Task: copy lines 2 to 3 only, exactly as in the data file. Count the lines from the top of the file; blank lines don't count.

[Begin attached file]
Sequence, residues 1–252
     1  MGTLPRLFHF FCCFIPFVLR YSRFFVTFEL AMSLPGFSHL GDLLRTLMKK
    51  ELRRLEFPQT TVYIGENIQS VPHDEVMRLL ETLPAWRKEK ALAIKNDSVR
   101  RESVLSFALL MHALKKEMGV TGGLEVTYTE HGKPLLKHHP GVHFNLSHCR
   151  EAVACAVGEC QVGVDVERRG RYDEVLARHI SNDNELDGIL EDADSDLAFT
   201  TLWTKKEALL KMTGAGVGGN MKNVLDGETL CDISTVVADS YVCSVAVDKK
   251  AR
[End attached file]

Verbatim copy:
     1  MGTLPRLFHF FCCFIPFVLR YSRFFVTFEL AMSLPGFSHL GDLLRTLMKK
    51  ELRRLEFPQT TVYIGENIQS VPHDEVMRLL ETLPAWRKEK ALAIKNDSVR